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Mar 05, 2020

Jews, Christians and Muslims Gather to Reject Hate at Rumson Episcopal Church

Pictured left to right: Dr. Mohammad Ali Chaudry, Rabbi Marc Kline, Rev. Dr. Anne-Marie Jeffery, Reverend Jeffrey Roy, Rev. Dr. Semaj Y. Vanzant, Sr

On Sunday, March 1, more than 130 people said “no” to hate at Seeing Human, a panel discussion among  Jewish, Christian and Islamic clergy. The program was facilitated by the Jewish Federation in the Heart of NJ’s Jewish Community Relations Council (JCRC), hosted St. George’s-by-the-River Episcopal Church of Rumson and supported by Hackensack Meridian Health.

“Our goal was to bring disparate people together to share in messages of love and respect from our respective traditions,” said Federation’s Chair of Interfaith Initiatives and Rabbi Marc Kline of Monmouth Reform Temple in Tinton Falls. “The synchronized heartbeat was palpable, and we left knowing how blessed we are to have each other.”

Panel members included Kline; Dr. Mohammad Ali Chaudry, President Islamic Society of Basking Ridge; Rev. Dr. Anne-Marie Jeffery, Rector St. Peter’s Episcopal Church in Perth Amboy; and Rev. Dr. Semaj Y. Vanzant, Sr., Second Baptist Church of Asbury Park.

“Combating hatred is important for a number of reasons,” said Rev. Jeffrey Roy, Priest in Charge at St. George’s-by-the-River and panel facilitator. “The Bible and Jesus both instruct it is what we should do. Secondly, I want my children to live in a world that is different than the one I grew up in, one where rather than being afraid of one another, we celebrate each other’s differences. Finally, as a practical matter, it takes so much energy to hate. The personal cost of hating another person is very, very high. I would rather use that time and energy to focus on love and caring for the needs of others.”

Roy asked the panel to comment on ways to move beyond preaching to the choir about fighting hate and to reach beyond the usual audience.

“Sometimes it is necessary to preach to the choir,” he said . “Because as aware as we think we are of those different from us, there are always those people we have trouble with. We always need to be paying attention.”

Other suggestions included building new relationships, visiting houses of worship that are different from one’s own, and asking questions to learn from and connect with others.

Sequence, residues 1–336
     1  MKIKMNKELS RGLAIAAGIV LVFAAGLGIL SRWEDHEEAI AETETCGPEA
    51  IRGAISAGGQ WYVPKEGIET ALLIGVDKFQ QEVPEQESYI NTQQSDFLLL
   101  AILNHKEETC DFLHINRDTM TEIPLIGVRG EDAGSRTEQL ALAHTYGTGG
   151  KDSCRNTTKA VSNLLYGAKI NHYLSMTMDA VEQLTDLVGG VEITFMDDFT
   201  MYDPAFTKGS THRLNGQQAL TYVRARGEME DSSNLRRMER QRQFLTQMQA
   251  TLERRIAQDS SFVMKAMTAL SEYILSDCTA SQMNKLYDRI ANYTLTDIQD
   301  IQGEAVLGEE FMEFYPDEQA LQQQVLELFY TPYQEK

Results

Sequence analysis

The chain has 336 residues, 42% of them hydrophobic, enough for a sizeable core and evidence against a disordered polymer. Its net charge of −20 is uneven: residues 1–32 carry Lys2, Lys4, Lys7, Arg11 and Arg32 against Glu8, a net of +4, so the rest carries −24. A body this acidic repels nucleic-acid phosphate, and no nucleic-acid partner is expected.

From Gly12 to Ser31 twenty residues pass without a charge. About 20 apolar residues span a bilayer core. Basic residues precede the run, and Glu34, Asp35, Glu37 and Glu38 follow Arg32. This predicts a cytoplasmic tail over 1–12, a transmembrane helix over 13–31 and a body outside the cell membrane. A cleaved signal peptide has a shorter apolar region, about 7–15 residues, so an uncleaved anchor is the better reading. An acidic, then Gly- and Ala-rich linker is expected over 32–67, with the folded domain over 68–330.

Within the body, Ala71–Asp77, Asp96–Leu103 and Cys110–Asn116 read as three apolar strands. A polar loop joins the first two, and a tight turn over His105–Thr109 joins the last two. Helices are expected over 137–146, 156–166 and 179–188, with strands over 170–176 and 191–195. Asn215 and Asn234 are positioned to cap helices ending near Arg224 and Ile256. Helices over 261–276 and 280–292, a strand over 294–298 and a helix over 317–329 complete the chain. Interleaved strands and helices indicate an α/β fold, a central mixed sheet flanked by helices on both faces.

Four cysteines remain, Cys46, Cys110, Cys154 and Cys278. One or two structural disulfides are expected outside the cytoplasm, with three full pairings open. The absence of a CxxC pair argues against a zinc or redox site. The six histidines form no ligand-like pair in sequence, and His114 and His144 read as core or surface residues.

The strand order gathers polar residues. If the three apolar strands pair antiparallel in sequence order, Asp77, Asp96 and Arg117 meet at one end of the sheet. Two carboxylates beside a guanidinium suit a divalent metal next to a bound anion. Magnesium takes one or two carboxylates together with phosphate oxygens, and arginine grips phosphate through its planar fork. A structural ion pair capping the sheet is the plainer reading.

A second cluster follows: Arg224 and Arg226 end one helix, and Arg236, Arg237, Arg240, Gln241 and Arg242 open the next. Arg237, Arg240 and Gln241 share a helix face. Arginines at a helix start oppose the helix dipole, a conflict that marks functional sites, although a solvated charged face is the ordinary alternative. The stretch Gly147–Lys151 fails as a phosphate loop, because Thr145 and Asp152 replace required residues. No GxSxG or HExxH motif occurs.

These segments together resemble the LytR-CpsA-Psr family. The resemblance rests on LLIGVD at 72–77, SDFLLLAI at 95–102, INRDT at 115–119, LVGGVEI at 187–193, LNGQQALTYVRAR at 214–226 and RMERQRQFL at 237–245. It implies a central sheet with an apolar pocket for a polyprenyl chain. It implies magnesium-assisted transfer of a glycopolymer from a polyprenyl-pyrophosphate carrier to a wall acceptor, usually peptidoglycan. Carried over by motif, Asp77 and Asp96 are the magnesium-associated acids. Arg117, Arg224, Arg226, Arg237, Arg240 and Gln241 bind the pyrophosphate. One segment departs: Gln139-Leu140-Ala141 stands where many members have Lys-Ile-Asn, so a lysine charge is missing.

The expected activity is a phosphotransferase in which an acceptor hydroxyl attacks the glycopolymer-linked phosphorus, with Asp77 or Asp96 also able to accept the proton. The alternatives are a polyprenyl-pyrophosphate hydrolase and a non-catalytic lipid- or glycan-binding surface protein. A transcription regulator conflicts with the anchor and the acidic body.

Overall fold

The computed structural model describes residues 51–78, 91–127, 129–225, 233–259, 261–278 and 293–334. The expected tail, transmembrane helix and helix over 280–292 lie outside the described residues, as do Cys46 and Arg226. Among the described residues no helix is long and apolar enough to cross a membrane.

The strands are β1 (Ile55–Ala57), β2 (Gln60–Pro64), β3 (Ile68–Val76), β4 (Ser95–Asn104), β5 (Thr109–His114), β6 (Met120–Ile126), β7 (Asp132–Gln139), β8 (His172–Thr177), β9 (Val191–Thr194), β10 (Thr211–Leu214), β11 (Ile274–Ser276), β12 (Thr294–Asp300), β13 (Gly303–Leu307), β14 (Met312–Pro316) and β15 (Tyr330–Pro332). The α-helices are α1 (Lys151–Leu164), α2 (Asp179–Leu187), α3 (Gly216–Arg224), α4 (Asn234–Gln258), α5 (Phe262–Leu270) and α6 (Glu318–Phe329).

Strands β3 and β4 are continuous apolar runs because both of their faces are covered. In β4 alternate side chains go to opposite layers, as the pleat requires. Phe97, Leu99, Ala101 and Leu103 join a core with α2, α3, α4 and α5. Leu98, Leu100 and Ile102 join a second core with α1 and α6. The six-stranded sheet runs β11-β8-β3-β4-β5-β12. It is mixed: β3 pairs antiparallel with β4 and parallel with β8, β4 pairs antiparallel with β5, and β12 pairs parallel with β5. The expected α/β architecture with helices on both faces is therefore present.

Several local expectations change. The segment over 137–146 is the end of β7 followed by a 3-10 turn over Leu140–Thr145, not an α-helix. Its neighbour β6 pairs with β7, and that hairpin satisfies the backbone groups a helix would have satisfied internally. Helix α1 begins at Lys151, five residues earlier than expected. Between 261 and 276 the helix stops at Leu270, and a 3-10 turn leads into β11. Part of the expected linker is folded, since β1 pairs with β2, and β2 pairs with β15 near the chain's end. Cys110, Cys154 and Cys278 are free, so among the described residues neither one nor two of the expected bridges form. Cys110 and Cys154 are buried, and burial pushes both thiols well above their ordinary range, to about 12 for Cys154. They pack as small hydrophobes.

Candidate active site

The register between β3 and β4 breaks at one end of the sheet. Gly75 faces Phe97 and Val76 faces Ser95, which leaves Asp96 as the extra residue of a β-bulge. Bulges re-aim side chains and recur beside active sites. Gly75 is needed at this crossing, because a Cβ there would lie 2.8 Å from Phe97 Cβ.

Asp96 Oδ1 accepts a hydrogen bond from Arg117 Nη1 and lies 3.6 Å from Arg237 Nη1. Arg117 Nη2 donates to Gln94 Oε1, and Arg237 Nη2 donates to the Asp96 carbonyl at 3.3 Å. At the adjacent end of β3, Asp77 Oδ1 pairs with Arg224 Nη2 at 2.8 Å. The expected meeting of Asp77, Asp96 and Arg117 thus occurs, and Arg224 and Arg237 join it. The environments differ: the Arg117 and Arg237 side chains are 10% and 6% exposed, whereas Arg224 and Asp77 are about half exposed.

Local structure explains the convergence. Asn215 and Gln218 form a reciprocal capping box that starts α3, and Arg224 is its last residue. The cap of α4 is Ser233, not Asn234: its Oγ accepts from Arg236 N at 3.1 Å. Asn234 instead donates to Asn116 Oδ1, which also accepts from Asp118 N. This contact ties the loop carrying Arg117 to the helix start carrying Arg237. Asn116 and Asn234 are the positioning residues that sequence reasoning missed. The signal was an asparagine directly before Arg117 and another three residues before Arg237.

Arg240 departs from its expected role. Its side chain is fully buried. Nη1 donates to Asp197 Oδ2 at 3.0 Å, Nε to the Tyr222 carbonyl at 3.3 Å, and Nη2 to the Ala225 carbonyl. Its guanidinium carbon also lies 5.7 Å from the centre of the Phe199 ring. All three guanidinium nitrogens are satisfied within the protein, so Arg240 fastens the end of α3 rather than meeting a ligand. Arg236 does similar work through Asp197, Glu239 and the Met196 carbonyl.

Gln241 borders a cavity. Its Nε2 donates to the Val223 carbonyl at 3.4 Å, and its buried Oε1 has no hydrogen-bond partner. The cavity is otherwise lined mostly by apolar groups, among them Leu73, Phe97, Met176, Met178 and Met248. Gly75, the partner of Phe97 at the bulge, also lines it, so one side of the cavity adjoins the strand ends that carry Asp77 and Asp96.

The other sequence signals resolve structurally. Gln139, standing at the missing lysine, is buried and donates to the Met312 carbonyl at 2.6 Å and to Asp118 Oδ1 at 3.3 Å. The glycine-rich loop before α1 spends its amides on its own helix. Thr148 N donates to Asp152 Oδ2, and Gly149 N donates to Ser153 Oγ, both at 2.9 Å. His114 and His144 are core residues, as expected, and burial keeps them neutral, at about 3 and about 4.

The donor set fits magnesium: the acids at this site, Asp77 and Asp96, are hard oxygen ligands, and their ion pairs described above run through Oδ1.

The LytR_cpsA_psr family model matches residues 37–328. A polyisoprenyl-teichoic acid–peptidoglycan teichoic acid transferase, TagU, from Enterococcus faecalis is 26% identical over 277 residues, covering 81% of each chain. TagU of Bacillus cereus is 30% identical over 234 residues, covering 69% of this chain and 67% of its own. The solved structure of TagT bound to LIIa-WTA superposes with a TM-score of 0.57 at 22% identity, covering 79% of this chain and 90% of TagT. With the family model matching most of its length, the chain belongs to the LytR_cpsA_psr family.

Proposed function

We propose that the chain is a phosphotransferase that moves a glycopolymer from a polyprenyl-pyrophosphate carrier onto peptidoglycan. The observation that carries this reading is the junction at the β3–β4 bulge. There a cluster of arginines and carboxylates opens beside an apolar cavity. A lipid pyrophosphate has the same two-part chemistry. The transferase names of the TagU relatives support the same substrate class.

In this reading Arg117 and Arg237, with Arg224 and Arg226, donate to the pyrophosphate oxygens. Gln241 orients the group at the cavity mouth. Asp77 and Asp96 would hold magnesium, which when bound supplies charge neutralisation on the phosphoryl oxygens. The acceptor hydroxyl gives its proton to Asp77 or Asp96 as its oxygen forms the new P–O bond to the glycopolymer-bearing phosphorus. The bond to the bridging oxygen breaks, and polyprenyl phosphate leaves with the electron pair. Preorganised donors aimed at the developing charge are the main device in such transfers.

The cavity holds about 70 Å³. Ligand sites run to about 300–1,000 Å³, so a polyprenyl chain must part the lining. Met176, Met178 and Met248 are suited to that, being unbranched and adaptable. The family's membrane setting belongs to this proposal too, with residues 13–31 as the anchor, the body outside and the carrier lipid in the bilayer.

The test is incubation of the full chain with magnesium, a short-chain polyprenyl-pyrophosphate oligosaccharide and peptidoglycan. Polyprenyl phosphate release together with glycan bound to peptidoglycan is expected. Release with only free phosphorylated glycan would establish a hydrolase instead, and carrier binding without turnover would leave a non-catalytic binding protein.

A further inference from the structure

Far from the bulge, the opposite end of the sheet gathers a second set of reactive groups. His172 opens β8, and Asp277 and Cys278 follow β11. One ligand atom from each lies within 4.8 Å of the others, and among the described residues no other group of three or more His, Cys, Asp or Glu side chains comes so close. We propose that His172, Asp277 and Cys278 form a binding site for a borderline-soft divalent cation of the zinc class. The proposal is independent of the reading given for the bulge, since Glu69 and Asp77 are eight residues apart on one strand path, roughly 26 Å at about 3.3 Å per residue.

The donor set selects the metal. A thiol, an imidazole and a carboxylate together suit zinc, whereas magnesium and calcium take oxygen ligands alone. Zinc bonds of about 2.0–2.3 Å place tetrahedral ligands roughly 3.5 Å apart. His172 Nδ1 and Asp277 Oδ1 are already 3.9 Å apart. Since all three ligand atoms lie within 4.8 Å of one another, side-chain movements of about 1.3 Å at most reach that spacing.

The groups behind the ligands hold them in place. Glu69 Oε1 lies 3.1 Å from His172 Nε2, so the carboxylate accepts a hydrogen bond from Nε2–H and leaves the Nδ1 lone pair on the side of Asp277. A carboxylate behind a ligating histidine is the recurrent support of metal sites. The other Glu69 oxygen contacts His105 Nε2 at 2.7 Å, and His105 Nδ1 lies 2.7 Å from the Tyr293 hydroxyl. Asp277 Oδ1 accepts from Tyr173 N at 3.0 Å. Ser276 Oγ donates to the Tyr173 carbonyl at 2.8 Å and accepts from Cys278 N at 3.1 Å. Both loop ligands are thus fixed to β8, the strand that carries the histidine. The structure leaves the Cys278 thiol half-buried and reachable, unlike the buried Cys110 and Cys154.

When an audience member asked how to confront individuals making racist remarks, Vanzant drew from a personal experience.

“I was driving home from the library in Princeton late at night with one of my peers, a young white woman,” he said. “I was pulled over and berated by the police officer, who asked me why I was in Princeton and asked my colleague why she was in the car with me. It took everything in me to keep my cool because I knew I was being profiled for being a black man in Princeton, New Jersey. After he saw my license and student ID were valid, I asked him, ‘What would you think if the roles were reversed? If whites were the minority, should I treat you the way you treat me?’ Without responding, the officer tapped my car door and said in a condescending tone, ‘Drive safe, you hear.'”

“We should be asking questions that prompt people to think as though they are the other,” Vanzant added. “Many times, people do what they do because they have never been challenged to think otherwise. Questions that put someone in the other person’s shoes can deescalate tension and root out the meanest of people’s actions and comments.”

One audience member from St. George’s-by-the-River Church said she was shocked to see two-armed security guards on the premises, which she said was a first. She went on to realize people of other religions sometimes feel threatened at their community gatherings.

As the program came to a close, panelists and audience members agreed it would take a unified front rooted in love and respect to stand up to racism, bigotry and hate.

“We planned this and our forthcoming series of interfaith events to increase the decibels carrying messages of trust and engagement, to surpass those of fear-mongering, hate, and ignorance that too often pass for interpersonal communication and news,” Kline said. “Jews, Christians and Muslims came together in this cause. We look forward to expanding the dialogue to include non-Abrahamic religions in venues all around our communities.”

Chaudry said, “It was encouraging to see the audience engaged and willing to take the initiative to reach out to people of other faiths to learn more about them as human beings. There is hope!”

Chaudry closed the event by asking the audience to take The Pledge to Stand Up for the Other, which he created in 2015 to encourage people to speak up against bigotry. He and Kline took it to the Statehouse in Trenton, where both houses of the Legislature unanimously signed it. Since then, organizations all over the state affirm its words and signed the pledge. It reads:

“While interacting with members of my own faith, or ethnic, or gender community, or with others, if I hear hateful comments from anyone about members of any other community, I pledge to stand up for the other and speak up to challenge bigotry in any form.”

Upcoming events include two Iftar celebrations, which Jewish Federation is planning to sponsor during the month of Ramadan. The next Seeing Human panel takes place in June at the Diocese of Metuchen and plans are being made to include members of the Hindu, Buddhist, Jain and Sikh communities.

“Jewish Federation in the Heart of New Jersey will continue to work with leaders of many faiths to confront anti-Semitism and all hate in our community,” said Joel Krinsky, board member and JCRC board liaison. “We support one another in times of challenge and celebration, and together, we can work toward making the world a safer and better place.”

For more information on the JCRC, visit jewishheartnj.org/jcrc.